Speak-to-tweet leaps Egypt’s Repression 2.0
With most Internet services blocked, Google quickly created a “speak-to-tweet” service to allow people in Egypt to tweet with a voice connection. It allows those on the ground in Egypt to dial three international numbers and leave a voice message sent out as tweet with the #egypt hash tag. You can listen to the messages by dialing the same phone numbers or by going to twitter.com/speak2tweet.
The numbers are +16504194196 or +390662207294 or +97316199855 and no Internet connection is required. There are already dozens of messages on the Twitter page.
Earlier, TechCrunch reported that Noor Group’s DSL service, the only remaining Internet service in Egypt, had been shut down. Noor powers the Egyptian Stock Exchange and major brands such as Coca-Cola and Exxon Mobile. Egypt’s four main Internet providers — Link Egypt, Vodafone/Raya, Telecom Egypt and Etisalat Misr — abruptly stopped Internet traffic into and out of the country on Friday.
Speak-to-tweet underscores the the worldwide communications revolution that has been so much a part of the political uprisings in Tunisia and Egypt, and has implications throughout the world. Cell phones are the Internet for many citizens in northern Africa and the Mideast. Demonstrators have used their phones to mobilize and spread news. Social media — blogs, tweets and Facebook messages — have become a useful tool, inside Egypt as well as outside to the world, for information, discussion and action. About 30 percent of Egypt’s population, mostly young adults, uses social media,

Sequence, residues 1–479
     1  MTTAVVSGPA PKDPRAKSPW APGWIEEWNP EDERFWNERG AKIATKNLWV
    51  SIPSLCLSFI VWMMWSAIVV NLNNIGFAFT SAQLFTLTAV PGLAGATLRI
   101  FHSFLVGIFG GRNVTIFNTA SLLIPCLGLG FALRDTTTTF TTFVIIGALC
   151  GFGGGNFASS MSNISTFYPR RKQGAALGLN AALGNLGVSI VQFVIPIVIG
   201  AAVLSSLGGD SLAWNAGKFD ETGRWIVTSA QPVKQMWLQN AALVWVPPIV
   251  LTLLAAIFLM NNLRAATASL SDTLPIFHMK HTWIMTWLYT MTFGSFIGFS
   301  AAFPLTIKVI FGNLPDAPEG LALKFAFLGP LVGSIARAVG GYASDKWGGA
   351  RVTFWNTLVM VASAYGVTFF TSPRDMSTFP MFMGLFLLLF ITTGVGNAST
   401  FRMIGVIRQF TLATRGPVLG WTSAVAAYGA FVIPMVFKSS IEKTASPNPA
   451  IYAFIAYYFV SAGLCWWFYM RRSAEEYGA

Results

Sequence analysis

Speak-to-tweet was developed over the weekend by engineers from Google, Twitter and SayNow, a company Google acquired last week.
The revolution within the revolution unfolds in Egypt in realtime. The latest: reports that the government will shut down remaining cell phones to block access to Speak-to-Tweet.
Dale is co-founder emeritus of We Media.